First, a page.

The Supreme Court upheld an NCDRC order directing Kuwait Airways to compensate for delay in delivery of consignment.

The Court has held that once its agent had issued a time schedule for delivery of consignment, it cannot be argued that there is no material confirming an agreement for delivery on time.

The Court was deciding appeals preferred against the order of the National Consumer Disputes Redressal Commission (NCDRC) in which the complaint filed by the appellant M/s. Rajasthan Art Emporium was disposed of. The Commission had directed the respondent i.e., Kuwait Airways to pay US$ 500750/- or Rs. 20 lakhs (whichever is less) with 9% per annum compensation.

The two-Judge Bench comprising Justice A.S. Bopanna and Justice Prashant Kumar Mishra observed, “Once the agent has issued a time schedule for delivery of consignment, it cannot be said that there is no material indicating that there was no agreement for delivery of the consignment in time. respondent no.1 – Kuwait Airways has never taken the stand in any of the communication arising from its office that the respondent No.2 is not its agents or that there was no agreement or promise by its agent that the consignment will be delivered in 07 days.”

The Bench was satisfied with the fact that the NCDRC did not commit any illegality or perversity in recording the finding that there was delay in delivery of consignment.

Advocate Madhurima Tatia represented the appellant while Advocate S.C. Birla represented the respondents.

Brief Facts -

The appellant was an exporter of all kinds of handicrafts goods to several countries including USA and it had received an order from M/s. Williams Sonoma Inc. USA for supply of handicraft goods. Accordingly, the appellant had to send three shipments of 1538 packages to the consignee on an urgent basis, which was specifically informed to the respondents. The goods were tendered to Kuwait Airways/respondent no.1 after getting an assurance that the shipments will reach destination at Memphis within 7 days and delivery schedule was handed over to the appellant. As per the schedule, the entire consignment was supposed to reach at Memphis by July 31, 1996 but the same did not reach the destination. On enquiry, respondent no. 1 expressed its inability to deliver the consignments and a revised delivery schedule was given, which mentioned the date of delivery on August 6, 1996.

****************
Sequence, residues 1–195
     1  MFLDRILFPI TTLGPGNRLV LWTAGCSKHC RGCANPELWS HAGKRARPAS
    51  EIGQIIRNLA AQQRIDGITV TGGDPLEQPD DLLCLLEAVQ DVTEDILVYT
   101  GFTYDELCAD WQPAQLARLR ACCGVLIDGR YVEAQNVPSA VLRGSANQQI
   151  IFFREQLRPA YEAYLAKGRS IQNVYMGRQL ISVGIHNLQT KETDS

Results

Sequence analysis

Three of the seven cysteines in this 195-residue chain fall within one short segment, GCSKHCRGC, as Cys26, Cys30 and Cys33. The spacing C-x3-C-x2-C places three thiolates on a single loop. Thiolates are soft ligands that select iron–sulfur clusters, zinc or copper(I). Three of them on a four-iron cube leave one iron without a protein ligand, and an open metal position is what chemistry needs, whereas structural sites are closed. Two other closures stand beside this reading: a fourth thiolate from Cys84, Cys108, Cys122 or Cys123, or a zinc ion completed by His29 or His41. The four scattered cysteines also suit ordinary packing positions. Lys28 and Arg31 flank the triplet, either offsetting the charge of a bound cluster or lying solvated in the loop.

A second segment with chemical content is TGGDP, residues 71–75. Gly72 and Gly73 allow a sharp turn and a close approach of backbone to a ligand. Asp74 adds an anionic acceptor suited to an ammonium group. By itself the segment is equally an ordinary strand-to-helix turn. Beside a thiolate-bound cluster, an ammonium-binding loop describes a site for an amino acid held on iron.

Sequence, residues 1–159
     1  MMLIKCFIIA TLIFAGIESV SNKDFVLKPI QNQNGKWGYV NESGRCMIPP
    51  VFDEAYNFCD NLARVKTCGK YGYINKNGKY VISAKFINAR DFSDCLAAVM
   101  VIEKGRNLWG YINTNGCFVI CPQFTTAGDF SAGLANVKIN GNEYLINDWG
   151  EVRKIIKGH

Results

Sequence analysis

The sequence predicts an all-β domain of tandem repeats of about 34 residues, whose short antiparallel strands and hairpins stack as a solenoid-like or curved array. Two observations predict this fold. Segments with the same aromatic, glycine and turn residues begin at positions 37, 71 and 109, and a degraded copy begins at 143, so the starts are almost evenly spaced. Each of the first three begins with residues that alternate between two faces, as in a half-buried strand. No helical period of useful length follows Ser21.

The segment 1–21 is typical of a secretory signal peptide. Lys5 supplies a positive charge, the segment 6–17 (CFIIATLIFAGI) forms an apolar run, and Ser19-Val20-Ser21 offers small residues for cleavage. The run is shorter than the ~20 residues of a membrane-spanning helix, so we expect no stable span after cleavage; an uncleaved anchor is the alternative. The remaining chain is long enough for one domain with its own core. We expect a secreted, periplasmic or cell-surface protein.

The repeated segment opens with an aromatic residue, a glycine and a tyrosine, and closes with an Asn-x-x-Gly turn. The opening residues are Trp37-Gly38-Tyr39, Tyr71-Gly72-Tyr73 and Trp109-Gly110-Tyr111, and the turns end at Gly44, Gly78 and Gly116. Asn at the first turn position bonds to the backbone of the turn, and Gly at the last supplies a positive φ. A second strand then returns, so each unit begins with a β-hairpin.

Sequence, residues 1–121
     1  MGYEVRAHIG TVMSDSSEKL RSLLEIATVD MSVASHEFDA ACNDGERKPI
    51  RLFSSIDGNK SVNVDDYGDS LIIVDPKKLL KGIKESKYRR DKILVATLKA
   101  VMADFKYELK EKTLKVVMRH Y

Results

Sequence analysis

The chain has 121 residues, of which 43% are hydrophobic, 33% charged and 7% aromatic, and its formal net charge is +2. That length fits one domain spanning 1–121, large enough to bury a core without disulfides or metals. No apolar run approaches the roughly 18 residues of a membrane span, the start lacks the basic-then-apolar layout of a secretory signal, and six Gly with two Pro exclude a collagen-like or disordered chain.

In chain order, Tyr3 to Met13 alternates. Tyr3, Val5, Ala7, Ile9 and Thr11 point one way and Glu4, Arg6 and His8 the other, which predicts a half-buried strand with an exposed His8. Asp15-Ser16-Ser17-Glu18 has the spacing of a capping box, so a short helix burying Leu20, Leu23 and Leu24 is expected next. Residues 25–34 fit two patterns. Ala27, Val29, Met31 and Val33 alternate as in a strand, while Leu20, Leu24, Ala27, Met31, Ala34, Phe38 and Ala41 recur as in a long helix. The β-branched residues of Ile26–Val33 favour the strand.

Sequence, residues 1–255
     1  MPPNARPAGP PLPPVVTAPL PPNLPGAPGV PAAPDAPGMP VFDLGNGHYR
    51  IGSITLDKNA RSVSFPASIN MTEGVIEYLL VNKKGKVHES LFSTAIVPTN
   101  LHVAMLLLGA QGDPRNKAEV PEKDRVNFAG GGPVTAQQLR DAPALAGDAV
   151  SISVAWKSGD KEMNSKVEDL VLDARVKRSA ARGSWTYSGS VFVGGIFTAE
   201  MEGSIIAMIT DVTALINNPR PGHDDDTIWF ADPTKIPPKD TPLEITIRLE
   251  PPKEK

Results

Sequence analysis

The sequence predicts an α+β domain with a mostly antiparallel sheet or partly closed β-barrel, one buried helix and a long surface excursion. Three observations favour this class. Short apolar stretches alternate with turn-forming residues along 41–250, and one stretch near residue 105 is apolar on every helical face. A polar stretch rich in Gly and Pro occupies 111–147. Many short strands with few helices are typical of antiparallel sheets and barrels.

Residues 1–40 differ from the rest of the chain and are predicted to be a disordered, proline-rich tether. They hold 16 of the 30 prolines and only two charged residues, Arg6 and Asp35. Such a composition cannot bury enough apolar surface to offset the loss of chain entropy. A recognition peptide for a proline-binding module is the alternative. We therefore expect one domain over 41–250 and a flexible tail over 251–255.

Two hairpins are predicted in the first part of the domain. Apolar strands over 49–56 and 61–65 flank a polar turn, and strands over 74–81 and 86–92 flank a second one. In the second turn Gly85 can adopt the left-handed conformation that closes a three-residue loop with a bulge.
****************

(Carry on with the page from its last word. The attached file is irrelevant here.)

However, the consignment did not reach at the destination even as per the revised delivery schedule. On non-receiving the goods, the consignee expressed its anguish by sending a letter. Thereafter, the appellant made a modest claim against the respondents for refund of full freight in response to which, respondent no. 2 confirmed having short delivered 104 cartons out of 288 cartons but did not state whether other cartons arrived at the destination. The appellant served the legal notice on the respondents, which evoked no response. Ultimately, it lodged a complaint before the NCDRC with the prayer that respondent no. 1 be directed to refund a sum of Rs. 24,48,345/- being the fair charges for the consignments.

The Supreme Court in view of the above facts noted, “As a matter of fact, it is an admitted position that the consignment which was booked on 24.07.1996, was delivered after one and a half month i.e. from 03.09.1996 to 12.09.1996. … the delay in delivery of consignment has necessarily inflicted damage to the appellant which is liable to be satisfied by the respondent No.1 as provided under Section 19 and 13(3) of the Carriage by Air Act 1972.”

The Court also noted that Section 186 of the Contract Act, 1872 provides that the authority of an agent may be expressed or implied and similarly, Section 188 prescribes that an agent, having an authority to do an act, has authority to do every lawful thing which is necessary in order to do such act.

“In the case at hand, in the absence of a plea by the respondent No.1, that the respondent no. 2 was not its agent or that he had no authority to give schedule of delivery of consignment, the onus has not been discharged. Therefore, the respondent No.1 is bound by the promise held by its agent - respondent No.2, that the goods shall be delivered within one week and when the time schedule expired and the goods were, in fact, delivered after one and a half month, there was negligent delay in delivery of consignment”, further observed the Court.

Accordingly, the Apex Court dismissed the appeals and refused to interfere with the order passed by NCDRC.

Cause Title- M/s. Rajasthan Art Emporium v. Kuwait Airways & Anr. (Neutral Citation: 2023 INSC 996)

Click here to read/download the Judgment